What Odd Circumstance Joins Austin’s L.B. Deyo With Gabriel García Márquez Even Beyond the Ransom Center’s Newly Revealed Archives?

Maybe it’s, what? Love, in the time of measles?

And – one of the things that passports keep track of? Vaccinations, baby.

We don’t know if it’ll be on par with discovering ice, citizen, but UT’s Harry Ransom Center has the archives of Gabriel García Márquez on public display for the first time now.

[Note: The exhibition is available for your perusing pleasure until July 19.]

But maybe you don’t know a whole lot about the Nobel Prize-winning Colombian author or his writings? Maybe you’ve only read his most well-known work, that powerhouse of magical realism and personal history called One Hundred Years of Solitude? And even that was a rather long while ago?

So, here’s a fleeting re-introduction for you, then – in eye-catching, digital motion – as rendered by Austin’s own L.B. Deyo.

And why did Deyo create such an homage? And how does he regard the renowned author in general?

“Marquez was one of the major figures of world literature in the second half of the twentieth century,” says the ginger-coiffed datamancer. “He strikes me as having demonstrated an almost Shakespearean capacity for internal contradiction.”

Wait, Gabriel García Márquez was … contradictory?

“Absolutely,” says Deyo. “He was the master, and to some extent a founder, of magical realism and its frequently sinister fairy-tale expressionism, yet his foundation was in journalism and the sober documentation of the real world. He was a radical leftist who revered Castro and Allende, yet he could disinterestedly satirize the entire spectrum of political belief. He shared the modernist reverence for science, but his style depended on his affecting perfect innocence of the limitations of natural law. One Hundred Years of Solitude in particular showcases the writer’s astonishing capaciousness and strength. Its scope and complexity are almost biblical, its sophistication and cunning balanced by a mythic simplicity. And, crucially, the book is hysterically funny. Heartbreaking, dark, expansive – but always a riot every time.”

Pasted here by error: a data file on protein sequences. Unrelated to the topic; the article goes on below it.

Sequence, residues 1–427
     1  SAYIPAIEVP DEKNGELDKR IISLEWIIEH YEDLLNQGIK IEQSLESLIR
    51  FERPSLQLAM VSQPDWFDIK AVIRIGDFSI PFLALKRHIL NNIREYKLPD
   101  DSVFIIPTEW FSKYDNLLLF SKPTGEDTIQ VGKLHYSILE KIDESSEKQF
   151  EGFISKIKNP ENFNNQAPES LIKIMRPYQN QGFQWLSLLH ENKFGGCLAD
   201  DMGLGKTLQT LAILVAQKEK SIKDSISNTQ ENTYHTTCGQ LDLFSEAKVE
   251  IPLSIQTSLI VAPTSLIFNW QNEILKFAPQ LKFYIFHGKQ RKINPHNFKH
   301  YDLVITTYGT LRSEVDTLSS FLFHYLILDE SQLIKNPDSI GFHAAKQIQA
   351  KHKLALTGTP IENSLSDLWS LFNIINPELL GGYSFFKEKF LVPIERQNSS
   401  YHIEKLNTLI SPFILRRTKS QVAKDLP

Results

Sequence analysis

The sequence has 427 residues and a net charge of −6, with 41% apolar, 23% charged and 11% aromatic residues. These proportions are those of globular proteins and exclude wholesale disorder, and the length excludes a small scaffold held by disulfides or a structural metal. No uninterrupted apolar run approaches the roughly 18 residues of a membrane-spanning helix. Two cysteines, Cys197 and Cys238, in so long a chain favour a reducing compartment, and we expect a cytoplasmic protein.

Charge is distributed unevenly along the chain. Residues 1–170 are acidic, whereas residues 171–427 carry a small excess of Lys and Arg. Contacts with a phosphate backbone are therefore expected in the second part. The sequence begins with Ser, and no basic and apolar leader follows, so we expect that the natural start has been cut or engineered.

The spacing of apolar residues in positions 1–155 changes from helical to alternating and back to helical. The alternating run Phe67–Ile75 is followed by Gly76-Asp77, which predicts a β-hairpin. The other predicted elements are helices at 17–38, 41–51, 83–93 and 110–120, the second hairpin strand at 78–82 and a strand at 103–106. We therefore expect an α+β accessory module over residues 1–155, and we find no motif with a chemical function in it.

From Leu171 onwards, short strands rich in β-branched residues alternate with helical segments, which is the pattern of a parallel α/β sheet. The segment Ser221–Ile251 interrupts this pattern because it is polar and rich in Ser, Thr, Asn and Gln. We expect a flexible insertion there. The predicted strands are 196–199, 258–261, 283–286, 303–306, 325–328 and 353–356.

Coincidentally – because these things are never planned and all conspiracies are without any base in reality, right? – that same L.B. Deyo will be, as ever, co-hosting the quarterly Dionysium show at the Alamo Drafthouse Village on this Wednesday night, Feb. 5. This latest iteration of the Dionysium is focused on Science and will present itself under the direction of Deyo and co-host Buzz Moran – and of course Graham Reynolds will be there to work the Wurlitzer magic, and Lance “Fever” Myers will present a science-y animated short, and it’s likely that much wine will be quaffed.

Coincidentally – because these things are never planned, etc. – that same Lance Myers co-hosts an ongoing literary podcast, Persistence of Vision, with the estimable Deyo. The podcast series showcases a diversity of locals talking about some of their favorite works of fiction (and sometimes their own literary projects), and, well, if the series continues long enough, we reckon someone will eventually get around to waxing rhapsodic about that Gabriel García Márquez.

And then we’ll have come full circle.

And who doesn’t like circles? Probably anti-vaxxers, right?

But of course everyone is always welcome at the Harry Ransom Center.

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